Despite Contract Language Assigning Work to Bargaining Unit Members, Arbitrator Finds for Employer

While some of us labor attorneys might recall reading about private labor cases requiring employers to tear down the already-completed work of their employees simply because they were wearing the wrong union pin, in Minnesota, generally, there is no such thing as “bargaining unit work.” In fact, it’s an unfair labor practice in Minnesota for unions to force or require “any employer to assign particular work to employees in a particular organization or in a particular trade, craft, or class rather than to employees in another employee organization or in another trade, craft or class.” Minn. Stat. §179A.13, subd. 3(9). However, there is nothing stopping employers from guaranteeing certain work to employees through collective bargaining, or for an employer to be obligated to assign certain work (i.e., police and fire services) to an employee with the correct qualifications for a job.

With school districts, there are certain duties that need to be filled by a certain types of employees – teachers teach, principals run schools, and nurses nurse.  However, how students are transported is generally at the discretion of the school district.  In fact, when districts are facing a budget crunch, one of the first things to take place is the contracting bus services to private contractors.

In the Warroad school district, the district hired its bus drivers, who were a part of a union, to provide transportation services to its students.  In the parties’ collective bargaining agreement addressed the position of Activity Drivers.  It stated that the unit’s route drivers would have the first opportunity to driver activity trips.  At the same time, the district’s athletic teams were frequently provided with complementary transportation services by its high school’s booster clubs through a local charter service company.

When several athletic team trips were provided by the local charter company at the booster club’s expense, the union filed a grievance, claiming such work should have been offered to the unit’s route drivers.  This claim brought the parties to arbitration.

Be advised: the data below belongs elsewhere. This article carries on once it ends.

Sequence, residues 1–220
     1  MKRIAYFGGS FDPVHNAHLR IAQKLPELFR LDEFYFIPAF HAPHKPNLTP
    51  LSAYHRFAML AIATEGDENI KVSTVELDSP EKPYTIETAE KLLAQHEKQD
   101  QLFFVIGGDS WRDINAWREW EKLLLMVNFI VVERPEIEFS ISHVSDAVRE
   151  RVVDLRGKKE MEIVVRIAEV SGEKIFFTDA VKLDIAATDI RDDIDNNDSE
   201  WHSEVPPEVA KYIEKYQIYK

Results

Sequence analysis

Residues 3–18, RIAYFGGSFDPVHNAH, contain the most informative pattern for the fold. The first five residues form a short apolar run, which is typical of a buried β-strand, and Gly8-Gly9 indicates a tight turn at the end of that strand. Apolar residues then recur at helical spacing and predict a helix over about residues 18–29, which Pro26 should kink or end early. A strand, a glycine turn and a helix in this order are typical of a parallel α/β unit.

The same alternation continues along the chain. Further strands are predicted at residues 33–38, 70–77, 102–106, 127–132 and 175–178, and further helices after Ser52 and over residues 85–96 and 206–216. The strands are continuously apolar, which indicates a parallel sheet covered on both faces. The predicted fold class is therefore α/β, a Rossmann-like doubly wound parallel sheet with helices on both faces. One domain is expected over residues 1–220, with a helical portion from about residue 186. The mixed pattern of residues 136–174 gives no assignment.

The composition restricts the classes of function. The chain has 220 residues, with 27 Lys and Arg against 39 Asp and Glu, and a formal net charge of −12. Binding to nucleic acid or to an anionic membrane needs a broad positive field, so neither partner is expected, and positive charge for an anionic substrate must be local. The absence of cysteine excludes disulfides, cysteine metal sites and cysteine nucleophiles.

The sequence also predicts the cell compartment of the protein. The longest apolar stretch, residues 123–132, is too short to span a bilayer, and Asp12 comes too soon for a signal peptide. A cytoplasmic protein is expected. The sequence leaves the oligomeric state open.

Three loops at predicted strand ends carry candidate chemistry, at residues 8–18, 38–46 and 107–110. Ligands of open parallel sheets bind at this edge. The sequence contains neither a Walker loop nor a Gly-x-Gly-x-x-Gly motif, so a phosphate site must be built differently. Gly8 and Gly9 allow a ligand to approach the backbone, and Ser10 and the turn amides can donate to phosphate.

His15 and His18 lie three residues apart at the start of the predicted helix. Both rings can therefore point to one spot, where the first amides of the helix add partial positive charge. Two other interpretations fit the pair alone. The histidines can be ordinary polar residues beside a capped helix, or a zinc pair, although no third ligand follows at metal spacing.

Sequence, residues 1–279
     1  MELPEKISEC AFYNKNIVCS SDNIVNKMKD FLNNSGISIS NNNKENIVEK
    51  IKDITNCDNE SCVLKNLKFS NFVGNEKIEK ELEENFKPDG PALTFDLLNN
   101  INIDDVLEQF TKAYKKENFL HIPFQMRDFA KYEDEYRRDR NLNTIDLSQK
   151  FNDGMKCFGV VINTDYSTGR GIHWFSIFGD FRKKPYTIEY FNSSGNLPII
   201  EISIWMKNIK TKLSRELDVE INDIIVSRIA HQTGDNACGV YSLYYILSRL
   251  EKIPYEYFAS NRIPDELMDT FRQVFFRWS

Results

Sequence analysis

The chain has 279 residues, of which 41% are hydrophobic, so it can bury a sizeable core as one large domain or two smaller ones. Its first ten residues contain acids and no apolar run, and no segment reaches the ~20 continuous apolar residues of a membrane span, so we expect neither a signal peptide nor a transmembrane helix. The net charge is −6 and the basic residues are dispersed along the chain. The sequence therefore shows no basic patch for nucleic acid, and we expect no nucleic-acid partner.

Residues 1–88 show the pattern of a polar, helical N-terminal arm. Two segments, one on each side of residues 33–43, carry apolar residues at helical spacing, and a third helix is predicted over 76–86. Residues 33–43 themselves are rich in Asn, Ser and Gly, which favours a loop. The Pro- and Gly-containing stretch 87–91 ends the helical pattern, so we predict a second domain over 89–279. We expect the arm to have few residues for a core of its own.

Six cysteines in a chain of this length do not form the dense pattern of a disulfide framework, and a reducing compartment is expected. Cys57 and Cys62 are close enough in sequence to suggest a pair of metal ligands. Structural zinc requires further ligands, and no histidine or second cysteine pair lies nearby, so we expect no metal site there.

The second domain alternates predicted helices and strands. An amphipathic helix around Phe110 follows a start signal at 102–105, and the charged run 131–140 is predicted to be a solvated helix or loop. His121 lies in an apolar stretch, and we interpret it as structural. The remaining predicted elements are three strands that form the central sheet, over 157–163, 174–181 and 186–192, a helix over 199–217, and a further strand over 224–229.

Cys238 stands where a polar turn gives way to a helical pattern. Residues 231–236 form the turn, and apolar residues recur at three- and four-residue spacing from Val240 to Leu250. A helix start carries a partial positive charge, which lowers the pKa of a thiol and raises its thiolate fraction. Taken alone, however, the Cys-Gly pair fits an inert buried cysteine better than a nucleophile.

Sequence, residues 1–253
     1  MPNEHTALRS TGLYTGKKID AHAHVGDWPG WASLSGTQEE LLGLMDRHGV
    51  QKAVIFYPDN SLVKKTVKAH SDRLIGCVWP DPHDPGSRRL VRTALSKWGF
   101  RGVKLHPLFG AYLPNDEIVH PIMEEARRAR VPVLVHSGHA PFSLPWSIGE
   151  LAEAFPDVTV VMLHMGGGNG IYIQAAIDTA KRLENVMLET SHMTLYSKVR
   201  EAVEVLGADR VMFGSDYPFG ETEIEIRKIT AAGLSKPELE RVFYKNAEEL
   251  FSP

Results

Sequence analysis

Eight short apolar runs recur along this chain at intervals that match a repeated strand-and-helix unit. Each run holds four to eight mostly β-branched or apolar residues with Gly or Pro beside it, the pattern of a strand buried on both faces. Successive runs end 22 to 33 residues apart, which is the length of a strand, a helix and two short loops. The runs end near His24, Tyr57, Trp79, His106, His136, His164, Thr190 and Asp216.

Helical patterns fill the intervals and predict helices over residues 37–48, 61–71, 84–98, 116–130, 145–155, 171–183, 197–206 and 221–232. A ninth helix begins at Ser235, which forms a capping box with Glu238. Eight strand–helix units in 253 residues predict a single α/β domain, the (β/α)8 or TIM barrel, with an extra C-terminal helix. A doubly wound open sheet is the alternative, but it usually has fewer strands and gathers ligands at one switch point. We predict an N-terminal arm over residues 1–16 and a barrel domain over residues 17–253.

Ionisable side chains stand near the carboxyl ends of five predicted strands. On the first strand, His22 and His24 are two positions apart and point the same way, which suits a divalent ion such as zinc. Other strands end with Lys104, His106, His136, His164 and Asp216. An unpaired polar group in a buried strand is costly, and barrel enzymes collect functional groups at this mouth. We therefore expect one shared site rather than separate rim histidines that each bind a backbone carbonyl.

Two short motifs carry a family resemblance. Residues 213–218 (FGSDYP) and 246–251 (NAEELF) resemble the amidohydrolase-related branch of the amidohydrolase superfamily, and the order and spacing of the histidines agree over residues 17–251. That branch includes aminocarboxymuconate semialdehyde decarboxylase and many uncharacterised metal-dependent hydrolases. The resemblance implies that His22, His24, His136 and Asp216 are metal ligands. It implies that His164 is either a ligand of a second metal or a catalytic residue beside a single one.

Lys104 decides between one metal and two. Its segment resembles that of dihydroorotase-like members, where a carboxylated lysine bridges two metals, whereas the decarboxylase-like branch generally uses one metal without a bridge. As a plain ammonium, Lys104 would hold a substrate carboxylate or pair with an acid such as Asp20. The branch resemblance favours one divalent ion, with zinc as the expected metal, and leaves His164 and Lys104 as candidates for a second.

After finding that no laws in Minnesota required school districts to provide for transportation services for extracurricular activities, the arbitrator addressed the concept of the school district maintaining a past practice over the provision of transportation services by its high school booster club.  While some might argue whether an employer actually needs to establish a practice in order to do something that is within its discretion, the district was able to prove a ten-year practice of the booster club chartering a bus to take teams they support to games out of town.  In addition, the arbitrator found that the activity driver language was never meant to restrict the district’s ability to utilize contracted services for school activities, but to create an obligation to offer extra work to route drivers.  With that, the grievances over the charter bus service were denied.

This was a bit of an odd situation – this was a service that was not even being provided by the school district, yet the district got dragged into arbitration over a service that the union argued it should have been providing.  Furthermore, employers should not have to try to establish a past practice of doing something that is covered under a management rights clause.  Employers have the right to utilize the tools they feel are most appropriate if they are not restricted by statute or contract language.

That being said, there was contract language that was somewhat applicable to the grievance, that basically allowed the grievance to be heard by an arbitrator.  Employers should be wary of agreeing to any contract language that limits them from utilizing the most efficient means of accomplishing a task, whether it be transporting athletes, making widgets, or fighting crime.  It is important to think of all the possible outcomes when agreeing to contract language, and getting agreement from both sides as to what the language does, and does not mean.  If you, or your organization, need assistance in negotiating contract language that best suits your goals, contact the Wiley Law Office, for negotiations experience that works.